The writer of these lyrics was a man named Edmund Sears. He was a Unitarian Pastor who lived in the 1800’s. These words were first published in December of 1849 and the reality of the world in which Mr. Sears lived tells us something about this crushing load, the toil and the painful and slow steps of which he speaks. 1849 is most remembered for the frantic Gold Rush in California but it was also the year Harriet Tubman escaped from slavery which tells us that the tensions between the north
and the south were already high and moving toward the civil war a decade later. The industrial revolution in New England brought its own level of chaos and social upheaval. There was a lot going on but certainly there were conflicts at the time of the writing of many of the carols we sing. What makes It Came Upon a Midnight Clear different, is his hope, his hope for peace. In the moment when there was a coming war, and tension and poverty and chaos… that was the moment to listen, to look:
Look now for glad and golden hours come swiftly on the wing O rest beside the weary road and hear the angels sing.
Within these words Sears points to Jesus’ words in our scripture this morning. In our text, this baby we are waiting for is all grown up. It is the final hour, the night of the last supper and the cross is looming before him and yet he is speaking of peace.
“Peace I leave with you; my peace I give to you. I do not give to you as the world gives. Do not let your hearts be troubled, and do not let them be afraid.”
When we discuss peace and when we pray for peace, we are usually seeking the lack of something horrible. We think we will have peace when there is no more sadness or no more war or peace will come when our world is without – as Sears’ said: toil and weariness. But is peace only the lack of something negative?
If so, it is easy to consider why we fail to hear the angels’ song - because we are not there – we still have war and toil and sadness and weariness. 150 years after this song was written, 2000 years after the angels first sang at midnight, we have yet to obtain the kind of peace that comes from an absence of chaos and pain. But in Christ’s words, in our scripture, we hear about a different kind of peace.
Peace I leave with you, my peace I give to you.
What if peace is more than a lack of something negative? What if peace is possible even-especially in the face of struggle? What if peace itself is a positive; The addition of something holy into the reality of chaos all around us? That is what it sounds like Jesus is saying to his disciples on the night he told them his body would be broken and his blood poured out. In the midst of brokenness he is offering them peace. Because peace exists even when you are beneath the crushing load…peace is not static but creative, restorative, enduring, it is both bold and gentle. And it is already here. The angels sang of it 2000 years ago and while conflicts still rage in our world and burdens remain heavy the peace of Christ has come. My peace I leave with you, my peace I give to you…I do not give to you as the world gives…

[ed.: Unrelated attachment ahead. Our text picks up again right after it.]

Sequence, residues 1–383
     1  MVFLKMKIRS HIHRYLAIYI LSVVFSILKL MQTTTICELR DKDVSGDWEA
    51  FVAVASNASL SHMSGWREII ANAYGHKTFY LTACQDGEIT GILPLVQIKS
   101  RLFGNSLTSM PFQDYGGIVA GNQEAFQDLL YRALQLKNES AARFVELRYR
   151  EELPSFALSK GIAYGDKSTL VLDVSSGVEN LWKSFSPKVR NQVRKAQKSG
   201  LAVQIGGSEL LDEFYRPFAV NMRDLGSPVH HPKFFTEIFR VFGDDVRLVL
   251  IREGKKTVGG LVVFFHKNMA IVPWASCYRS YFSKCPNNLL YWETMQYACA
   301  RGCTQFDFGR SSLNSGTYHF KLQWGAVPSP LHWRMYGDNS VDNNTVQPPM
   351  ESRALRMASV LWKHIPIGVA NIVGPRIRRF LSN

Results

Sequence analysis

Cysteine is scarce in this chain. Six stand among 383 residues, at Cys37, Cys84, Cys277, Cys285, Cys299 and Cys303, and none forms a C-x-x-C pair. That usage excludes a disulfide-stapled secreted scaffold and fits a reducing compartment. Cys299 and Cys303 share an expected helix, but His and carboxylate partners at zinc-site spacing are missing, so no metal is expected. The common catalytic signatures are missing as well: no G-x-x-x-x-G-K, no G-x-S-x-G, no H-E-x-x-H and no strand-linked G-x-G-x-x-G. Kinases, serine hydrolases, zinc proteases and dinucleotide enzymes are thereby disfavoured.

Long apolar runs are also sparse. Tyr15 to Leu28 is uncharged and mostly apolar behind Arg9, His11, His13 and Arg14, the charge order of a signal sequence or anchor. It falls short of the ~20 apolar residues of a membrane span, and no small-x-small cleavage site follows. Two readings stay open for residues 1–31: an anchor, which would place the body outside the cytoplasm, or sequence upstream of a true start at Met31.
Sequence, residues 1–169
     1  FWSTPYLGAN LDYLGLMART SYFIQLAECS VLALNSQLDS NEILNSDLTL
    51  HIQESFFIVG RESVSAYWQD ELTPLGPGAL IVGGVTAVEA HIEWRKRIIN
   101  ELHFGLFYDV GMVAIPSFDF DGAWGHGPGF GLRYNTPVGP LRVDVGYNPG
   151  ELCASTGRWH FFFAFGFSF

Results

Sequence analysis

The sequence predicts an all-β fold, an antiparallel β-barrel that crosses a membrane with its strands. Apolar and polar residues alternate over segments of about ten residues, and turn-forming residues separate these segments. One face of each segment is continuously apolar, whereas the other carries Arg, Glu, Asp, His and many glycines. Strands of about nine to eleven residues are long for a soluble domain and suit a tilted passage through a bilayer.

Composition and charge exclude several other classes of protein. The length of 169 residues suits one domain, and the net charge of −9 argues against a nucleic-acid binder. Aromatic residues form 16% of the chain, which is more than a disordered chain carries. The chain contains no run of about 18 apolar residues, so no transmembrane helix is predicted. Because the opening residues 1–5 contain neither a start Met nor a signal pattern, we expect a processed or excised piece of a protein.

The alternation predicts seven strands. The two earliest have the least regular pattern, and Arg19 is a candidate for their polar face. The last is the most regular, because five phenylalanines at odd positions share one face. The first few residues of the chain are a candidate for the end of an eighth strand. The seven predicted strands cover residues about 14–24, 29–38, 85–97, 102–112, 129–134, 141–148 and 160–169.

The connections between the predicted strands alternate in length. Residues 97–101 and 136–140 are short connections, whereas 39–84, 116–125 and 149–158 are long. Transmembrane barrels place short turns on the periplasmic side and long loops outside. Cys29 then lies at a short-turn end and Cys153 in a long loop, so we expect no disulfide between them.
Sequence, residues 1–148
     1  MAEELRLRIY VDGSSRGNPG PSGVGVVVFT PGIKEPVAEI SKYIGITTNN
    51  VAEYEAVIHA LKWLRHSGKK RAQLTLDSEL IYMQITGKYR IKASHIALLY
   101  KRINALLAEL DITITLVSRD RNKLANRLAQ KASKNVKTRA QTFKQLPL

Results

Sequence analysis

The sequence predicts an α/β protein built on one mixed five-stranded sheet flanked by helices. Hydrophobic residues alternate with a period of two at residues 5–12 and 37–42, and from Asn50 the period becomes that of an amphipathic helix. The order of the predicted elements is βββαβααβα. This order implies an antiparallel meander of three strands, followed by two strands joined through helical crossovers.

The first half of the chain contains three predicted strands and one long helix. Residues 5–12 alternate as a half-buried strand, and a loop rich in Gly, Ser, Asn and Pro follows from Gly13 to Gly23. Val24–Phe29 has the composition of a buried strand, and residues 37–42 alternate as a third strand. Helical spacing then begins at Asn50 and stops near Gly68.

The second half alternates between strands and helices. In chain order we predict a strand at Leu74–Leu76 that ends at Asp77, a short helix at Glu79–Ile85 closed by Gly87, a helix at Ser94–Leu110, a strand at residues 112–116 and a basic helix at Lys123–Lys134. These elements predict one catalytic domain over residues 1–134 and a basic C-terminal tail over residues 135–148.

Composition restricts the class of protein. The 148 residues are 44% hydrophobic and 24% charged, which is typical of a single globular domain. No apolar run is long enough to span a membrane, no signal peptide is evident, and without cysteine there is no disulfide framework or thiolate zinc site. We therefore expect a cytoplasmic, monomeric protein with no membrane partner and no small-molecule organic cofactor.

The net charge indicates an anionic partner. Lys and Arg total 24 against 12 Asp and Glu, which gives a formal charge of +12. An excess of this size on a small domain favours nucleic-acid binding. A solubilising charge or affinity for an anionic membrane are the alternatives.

What if we have been looking for the wrong kind of peace? What if the peace the world lures us with: images of perfect families, plenty of time, snuggly puppies and well-behaved toddlers, each of us perfectly healthy and happy and content with everything around us…what if the reason we never seem to achieve it is that it’s false advertising? Impossible. What if we could stop working so hard for the world’s peace and allowed ourselves to hear the song the angels sing…of the peace of Christ? A peace that is sung through the burdens and crushing loads, whispering steadily through the shouts of chaos all around us and as the song reminds us: a peace that the angels continute to sing about even now over the weary, above the sad and lowly plains over the Babel sounds and beside the weary road. The angels sing of peace…peace on earth.
For lo, the days are hastening on, by prophet seen of old when with their ever circling years shall come the time foretold; when PEACE shall over all the earth its ancient splendors fling and the whole world send back the song which now the angels sing.
Today we light the candle of peace, lifting up a prayer that the peace of Christ would cover all the earth. It is a prayer that is being answered even in the midst of our struggles. A song that is being sung over the protests and tears, the loss and the fears. It is a song that reminds us in its lyrics that through the circling years shall come the time foretold in our scripture; when PEACE shall cover all the earth. And the last line calls each of us to share in that yearning and hope: that not only the angels would sing but the whole world would sing back to the angels their song: a chorus of angels and creation, men, women, white, black and brown, rich and poor, joyful and united, singing together the song of Christ’s peace.
That is our prayer. Let us sing it together….